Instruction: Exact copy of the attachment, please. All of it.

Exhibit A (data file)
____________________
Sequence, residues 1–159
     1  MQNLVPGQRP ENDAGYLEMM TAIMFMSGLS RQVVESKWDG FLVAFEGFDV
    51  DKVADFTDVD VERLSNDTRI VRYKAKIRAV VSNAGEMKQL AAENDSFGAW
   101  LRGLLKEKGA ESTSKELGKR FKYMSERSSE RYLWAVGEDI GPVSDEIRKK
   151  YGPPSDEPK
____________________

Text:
Sequence, residues 1–159
     1  MQNLVPGQRP ENDAGYLEMM TAIMFMSGLS RQVVESKWDG FLVAFEGFDV
    51  DKVADFTDVD VERLSNDTRI VRYKAKIRAV VSNAGEMKQL AAENDSFGAW
   101  LRGLLKEKGA ESTSKELGKR FKYMSERSSE RYLWAVGEDI GPVSDEIRKK
   151  YGPPSDEPK